•  If you have already invested some money in securities and want to try something new, the adviser will evaluate your portfolio, tell you how to balance it in terms of risk and profitability and, if necessary, add new tools to it. For example, it will advise which stocks, bonds and investment fund units can be bought. The profit from such investments cannot be predicted, but it is often higher than on bonds.
  •  If you are an experienced investor, an investment advisor can recommend you more sophisticated tools than for beginners. For example, structural products, which may include derivative financial instruments — options and futures. With them, you are very much at risk of losing money, but at the same time there is a chance to make a profit even in conditions when other securities are falling.

The most important thing is to choose an investment advisor that you can trust, and remember that only free money is suitable for investment — that is, those that you are willing to risk. And before thinking about investing in securities, it is important to form a financial safety cushion.

What is included in the investment recommendation?

The investment recommendation will specify certain securities or derivative financial instruments, their quantity, the approximate transaction price, the investment period and the validity period of the recommendation. Sometimes the adviser gives recommendations on exactly where to make a deal (for example, on the stock exchange) and even through whom (for example, through one of the top 10 largest brokers).

The investment recommendation, the contract with the investment advisor or on its website will necessarily mention the risks of investing. As a rule, they are described by a general warning that investments are fraught with loss of money. But there are also more detailed explanations.

For example, an adviser may recommend that you buy shares of oil companies and inform you about the risk of losing up to 80% of the money invested in them. After all, if the price of oil falls, the value of shares will collapse after it.

Pay attention to the information about the conflict of interests of the adviser. It can be included in the recommendation or provided in a separate document. In particular, the investor adviser is obliged to indicate which company he cooperates with if he receives remuneration from it.

The adviser himself or one of his other clients can benefit if you use his recommendation and invest in certain financial instruments. It happens that the adviser does not issue recommendations for all, but only for certain securities and PFI. He is obliged to warn you about all this in advance.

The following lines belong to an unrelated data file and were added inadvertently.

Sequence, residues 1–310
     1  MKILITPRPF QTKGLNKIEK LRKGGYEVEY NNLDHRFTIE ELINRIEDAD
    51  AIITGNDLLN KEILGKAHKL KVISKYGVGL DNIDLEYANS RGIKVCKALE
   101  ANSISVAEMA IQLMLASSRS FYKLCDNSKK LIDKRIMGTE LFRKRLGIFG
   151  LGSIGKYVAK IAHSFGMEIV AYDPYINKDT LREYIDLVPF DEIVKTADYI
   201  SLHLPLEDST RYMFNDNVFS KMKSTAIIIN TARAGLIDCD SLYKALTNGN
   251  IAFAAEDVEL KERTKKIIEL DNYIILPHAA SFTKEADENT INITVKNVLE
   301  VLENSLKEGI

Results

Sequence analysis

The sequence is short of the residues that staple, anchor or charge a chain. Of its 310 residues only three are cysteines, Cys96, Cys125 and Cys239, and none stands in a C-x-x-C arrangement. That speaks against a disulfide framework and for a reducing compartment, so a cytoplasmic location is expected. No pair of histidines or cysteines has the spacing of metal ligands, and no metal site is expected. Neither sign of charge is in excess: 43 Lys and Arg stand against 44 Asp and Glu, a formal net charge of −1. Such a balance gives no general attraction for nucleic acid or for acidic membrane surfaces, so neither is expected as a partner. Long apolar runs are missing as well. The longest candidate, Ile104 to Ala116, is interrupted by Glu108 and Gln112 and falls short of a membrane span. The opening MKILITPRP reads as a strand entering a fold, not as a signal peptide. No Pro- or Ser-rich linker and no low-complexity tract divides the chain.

The adviser should also tell you about the commissions that the broker will have to pay, and about other costs associated with the purchase and sale of financial instruments.

You will receive a recommendation in electronic or paper form or in the format of a voice recorder — it depends on what you agreed in the contract.

How to use the recommendation?

It should be understood that this is just a recommendation and you are not obliged to fulfill it.

If you think that the proposals are too risky, it is better to refuse them or ask the adviser to think over a more conservative option.

In the case when you still decide to follow the recommendation, you should not deviate from it. It is important not only to buy exactly the securities that the investment adviser has chosen for you, but also to adhere exactly to the parameters named by him: the price, the period of purchase and sale, the place of transaction.

Some investment advisors can not only give recommendations, but also buy securities or PFI for you on your behalf. To do this, they must have a brokerage license. However, you can choose any other broker yourself.

Will I be able to demand that the adviser reimburse the losses if his recommendations turn out to be unsuccessful?

By law, investment advisors must act strictly in the interests of the client and be responsible for their recommendations. If an investor advisor has misled you by mistake or intentionally and you have suffered losses because of this, then you have the right to demand compensation through the court.

But it's worth considering: claims can only relate to investments in securities and derivative financial instruments that you made on the recommendation of an investment adviser. If he helped you choose some other product, for example, an investment life insurance policy, and as a result you lost money, you will not be able to claim damages from the adviser.

Even when investing in securities, the blame for losses does not always lie with the adviser. For example, you provided incorrect information about yourself or inaccurately followed recommendations, like Anna. In cases where the investment adviser has done his job in good faith, it is pointless to make claims to him, the court will not take your side.

In addition, investments in the stock market are always associated with the risk of losses. If the adviser has warned you about them, the responsibility for decisions passes to you.

But there are situations when claims to an investment adviser are justified. For example, you didn't want to take much risk and indicated this in your investment profile. And the adviser convinced you to buy shares of new companies, and as a result you lost most of your investments.

Or the adviser recommended buying something that is beneficial to him, and not to you. This may be the case when an adviser receives a reward from some company. If he warned about a conflict of interest, but you still followed his recommendations and purchased securities, then you are responsible for this decision. But in the case when he hid his connection with a financial institution and imposed its products on you, you have the right to make claims.

You can also complain about the investment adviser to the self-regulatory organization of which he is a member, and to the Bank. An investment adviser may be ordered, fined, or even excluded from the list of participants of a self-regulatory organization and from the register of the regulator.

To reduce the risks when working with an investment advisor, try to carefully consider the choice of a specialist. In addition, you should not blindly follow his recommendations — if they seem too risky to you, it is better to ask him to pick up other financial instruments.